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I have a domain name registered with Google through their G Suite service which utilizes enom, and a server on Digital Ocean. I went ahead and accessed the Google admin panel and then the enom domain services through that. I added the Digital Ocean DNS addresses. The domain now points to server's IP. But at the same time I no longer am receiving any emails to my Gmail account. Is there anything I need to be doing with the enom host records so that I can keep receiving email to that account whilst still using custom DNS addresses?

  • You would need to show us a screenshot of current DNS including the MX record before we could even hint and what might be the solution. – Steve Dec 27 '16 at 22:04
  • By DNS do you mean Digital oceans Nameservers? If yes, then you need to add Google MX Records in Digital Oceans control panel. – DavChana Jan 28 '17 at 8:12
  • A domain is controlled by nameservers. Nameservers provider provides the A CNAME AAAA MX TXT and other type of DNS records to who ever queries, on internet. One of the easiest way is that you let us know the domain here, and we will check and help you. – DavChana Jan 28 '17 at 8:17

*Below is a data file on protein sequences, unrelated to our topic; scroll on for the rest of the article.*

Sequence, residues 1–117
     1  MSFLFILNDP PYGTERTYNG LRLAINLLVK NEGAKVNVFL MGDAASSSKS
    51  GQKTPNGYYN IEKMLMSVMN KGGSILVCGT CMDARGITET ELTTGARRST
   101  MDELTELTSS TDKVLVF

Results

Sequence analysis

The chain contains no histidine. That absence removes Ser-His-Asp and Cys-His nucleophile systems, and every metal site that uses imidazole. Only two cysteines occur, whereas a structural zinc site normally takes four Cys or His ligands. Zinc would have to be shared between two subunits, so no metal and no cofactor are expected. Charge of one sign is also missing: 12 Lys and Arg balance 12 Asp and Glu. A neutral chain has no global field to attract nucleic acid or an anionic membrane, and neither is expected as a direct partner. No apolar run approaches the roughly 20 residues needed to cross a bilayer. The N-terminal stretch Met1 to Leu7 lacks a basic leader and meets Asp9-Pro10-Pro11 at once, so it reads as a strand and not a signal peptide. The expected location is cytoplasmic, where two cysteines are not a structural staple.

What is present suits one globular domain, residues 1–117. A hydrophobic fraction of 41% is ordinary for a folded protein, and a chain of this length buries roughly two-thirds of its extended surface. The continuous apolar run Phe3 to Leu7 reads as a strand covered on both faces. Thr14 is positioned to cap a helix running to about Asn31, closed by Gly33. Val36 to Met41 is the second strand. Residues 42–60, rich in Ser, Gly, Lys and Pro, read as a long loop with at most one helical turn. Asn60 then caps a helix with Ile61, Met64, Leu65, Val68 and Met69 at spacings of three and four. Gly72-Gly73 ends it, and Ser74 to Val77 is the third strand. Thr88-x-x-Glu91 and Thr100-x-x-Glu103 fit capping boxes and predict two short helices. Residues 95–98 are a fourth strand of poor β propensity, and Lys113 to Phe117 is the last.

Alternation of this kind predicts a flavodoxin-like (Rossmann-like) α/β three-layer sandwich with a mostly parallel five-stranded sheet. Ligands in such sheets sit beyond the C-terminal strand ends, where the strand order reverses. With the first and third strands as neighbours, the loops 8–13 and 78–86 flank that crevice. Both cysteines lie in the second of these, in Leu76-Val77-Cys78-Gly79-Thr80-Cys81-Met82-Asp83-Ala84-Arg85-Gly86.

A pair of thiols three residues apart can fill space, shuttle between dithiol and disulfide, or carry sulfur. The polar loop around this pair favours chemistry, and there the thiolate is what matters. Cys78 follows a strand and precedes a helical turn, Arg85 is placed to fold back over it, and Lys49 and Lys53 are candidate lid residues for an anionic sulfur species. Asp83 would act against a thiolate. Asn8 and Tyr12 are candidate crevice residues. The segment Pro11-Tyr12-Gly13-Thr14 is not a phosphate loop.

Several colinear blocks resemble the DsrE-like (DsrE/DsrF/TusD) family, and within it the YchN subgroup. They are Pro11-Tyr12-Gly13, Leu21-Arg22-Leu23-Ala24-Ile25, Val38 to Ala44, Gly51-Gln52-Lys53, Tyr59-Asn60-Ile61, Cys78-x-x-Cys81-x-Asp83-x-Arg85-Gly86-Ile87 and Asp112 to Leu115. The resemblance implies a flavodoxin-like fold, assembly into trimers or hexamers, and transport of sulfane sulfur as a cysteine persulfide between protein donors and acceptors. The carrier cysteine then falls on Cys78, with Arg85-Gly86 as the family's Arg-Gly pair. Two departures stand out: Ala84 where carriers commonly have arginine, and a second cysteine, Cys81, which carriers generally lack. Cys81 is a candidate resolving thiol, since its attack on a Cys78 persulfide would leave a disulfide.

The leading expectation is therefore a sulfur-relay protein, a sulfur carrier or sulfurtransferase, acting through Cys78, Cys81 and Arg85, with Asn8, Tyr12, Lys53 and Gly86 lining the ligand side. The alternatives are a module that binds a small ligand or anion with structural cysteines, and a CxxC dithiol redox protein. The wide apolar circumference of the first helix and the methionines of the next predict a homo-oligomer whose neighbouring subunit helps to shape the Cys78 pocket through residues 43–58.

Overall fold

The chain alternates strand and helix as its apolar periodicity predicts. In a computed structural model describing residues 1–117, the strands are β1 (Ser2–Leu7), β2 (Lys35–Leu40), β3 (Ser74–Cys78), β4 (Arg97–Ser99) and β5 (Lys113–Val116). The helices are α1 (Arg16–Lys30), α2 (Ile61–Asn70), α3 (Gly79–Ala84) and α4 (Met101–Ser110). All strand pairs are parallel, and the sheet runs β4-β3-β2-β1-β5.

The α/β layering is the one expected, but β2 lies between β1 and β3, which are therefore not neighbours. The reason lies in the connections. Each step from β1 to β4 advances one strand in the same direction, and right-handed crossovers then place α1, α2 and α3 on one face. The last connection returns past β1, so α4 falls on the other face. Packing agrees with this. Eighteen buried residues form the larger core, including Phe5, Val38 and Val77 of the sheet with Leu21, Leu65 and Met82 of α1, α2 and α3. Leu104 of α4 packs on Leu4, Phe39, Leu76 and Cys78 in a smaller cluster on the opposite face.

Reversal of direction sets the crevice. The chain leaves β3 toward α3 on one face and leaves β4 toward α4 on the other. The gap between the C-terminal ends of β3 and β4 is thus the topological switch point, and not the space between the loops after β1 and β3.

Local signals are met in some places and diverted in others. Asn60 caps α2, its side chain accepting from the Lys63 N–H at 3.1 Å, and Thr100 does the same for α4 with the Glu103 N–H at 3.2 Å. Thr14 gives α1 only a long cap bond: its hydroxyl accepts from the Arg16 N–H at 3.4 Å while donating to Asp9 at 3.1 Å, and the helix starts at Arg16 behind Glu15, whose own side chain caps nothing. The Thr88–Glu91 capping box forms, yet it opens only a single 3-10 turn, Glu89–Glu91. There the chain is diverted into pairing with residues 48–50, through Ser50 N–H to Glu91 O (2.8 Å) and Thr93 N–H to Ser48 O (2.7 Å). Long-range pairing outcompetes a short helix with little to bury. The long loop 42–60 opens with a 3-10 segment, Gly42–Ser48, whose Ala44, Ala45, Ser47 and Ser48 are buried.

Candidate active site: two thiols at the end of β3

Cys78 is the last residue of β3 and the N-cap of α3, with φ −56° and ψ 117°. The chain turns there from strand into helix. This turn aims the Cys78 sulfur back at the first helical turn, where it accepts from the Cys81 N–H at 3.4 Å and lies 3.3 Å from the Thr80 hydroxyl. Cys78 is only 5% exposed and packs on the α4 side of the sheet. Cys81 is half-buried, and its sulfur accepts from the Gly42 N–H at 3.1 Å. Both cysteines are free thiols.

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There could be a couple problems:

Messed up MX records

You need to make sure that your mail records (MX) point to Gmail. Google has a help document with instructions.

CNAME apex record

It is a problem if you are trying to use a CNAME record at the apex. If you use a CNAME record for the "no sub-domain" record, email breaks (regardless of email host). You have to use an A record at the apex or the MX records are ignored. See Why can't a CNAME record be used at the apex (aka root) of a domain?

Some DNS hosts allow "alias" records to get around this limitation. They act as proxy records. You specify a host name (like a CNAME record), but the DNS server looks up the IP address periodically and serves the record as an A record with the IP address. I don't know if Digital Ocean offers this functionality, but other DNS hosts such as Amazon Route 53 do.

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